I'm okay now...

-Byshop

G.R.R.M.'s involvement is less significant than you may think: he writes the screenplay for one episode per season and as far as I know he never had anything to do with the videogames aside from some brief voice work for one of them. He's simply and by his own admission a slow, perfectionist writer, which is why the books take such a long time.

I remember watching a "making of" video of the RPG where they commented on GRRM's involvment in making sure the story was in alignment with his vision. Regarding the series, it was my impression that while he doesn't do much directly screenplay writing he provides guidance to make sure the episodes don't deviate too far from his vision of the book sas well as what he has planned for the future. Also, they consult him on the major changes from the books (he was involved in the creation of Talisa Maegyr to replace Jeyne Westerling as Robb's wife when their attempts to flesh out the character from what little she was described in the book started to deviate too much) and in some cases the changes made for the show reflect changes that he himself in retrospect would have liked to have done in the books. I can't find it, but my wife told me about an article she read that if the show ends up passing the books (an increasingly real danger) that GRRM was going to lay out the his plans for all the characters to the showrunners.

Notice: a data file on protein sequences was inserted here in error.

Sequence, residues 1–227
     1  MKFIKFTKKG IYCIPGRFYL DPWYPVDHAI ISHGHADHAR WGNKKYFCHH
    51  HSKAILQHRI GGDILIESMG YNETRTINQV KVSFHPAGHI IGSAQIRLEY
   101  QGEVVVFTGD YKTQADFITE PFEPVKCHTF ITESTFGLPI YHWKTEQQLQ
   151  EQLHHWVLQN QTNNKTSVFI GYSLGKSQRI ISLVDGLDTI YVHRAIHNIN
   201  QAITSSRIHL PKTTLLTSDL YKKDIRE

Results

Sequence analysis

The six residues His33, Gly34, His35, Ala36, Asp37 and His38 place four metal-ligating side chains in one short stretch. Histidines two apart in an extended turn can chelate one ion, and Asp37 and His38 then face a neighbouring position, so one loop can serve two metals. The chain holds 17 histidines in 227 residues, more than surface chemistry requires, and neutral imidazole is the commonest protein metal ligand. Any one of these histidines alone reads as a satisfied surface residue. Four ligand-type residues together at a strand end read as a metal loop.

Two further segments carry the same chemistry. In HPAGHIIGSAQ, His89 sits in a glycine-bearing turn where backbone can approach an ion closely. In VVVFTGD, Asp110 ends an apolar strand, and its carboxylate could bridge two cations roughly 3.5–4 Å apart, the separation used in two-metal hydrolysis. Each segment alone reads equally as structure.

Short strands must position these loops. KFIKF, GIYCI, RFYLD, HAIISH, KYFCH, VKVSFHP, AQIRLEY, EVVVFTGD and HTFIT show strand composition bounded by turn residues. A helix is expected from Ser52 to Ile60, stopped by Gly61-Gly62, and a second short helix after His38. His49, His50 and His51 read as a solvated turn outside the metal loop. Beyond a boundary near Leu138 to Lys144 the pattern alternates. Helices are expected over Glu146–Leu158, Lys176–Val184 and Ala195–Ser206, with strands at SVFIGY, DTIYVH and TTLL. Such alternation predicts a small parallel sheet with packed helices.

-Byshop

#14 Edited by Ish_basic (4029 posts) -

@Black_Knight_00 said:

@Byshop said:

GRRM was involved in the creation of pretty much every GoT franchise released so I'm hopeful he'll be heavily involved in what will likely be a VERY story oriented game. Only complaint there is it takes even MORE FREAKIN' TIME AWAY FROM THE RELEASE OF BOOK SIX! OMGWTFBBQ!!!!

I'm okay now...

-Byshop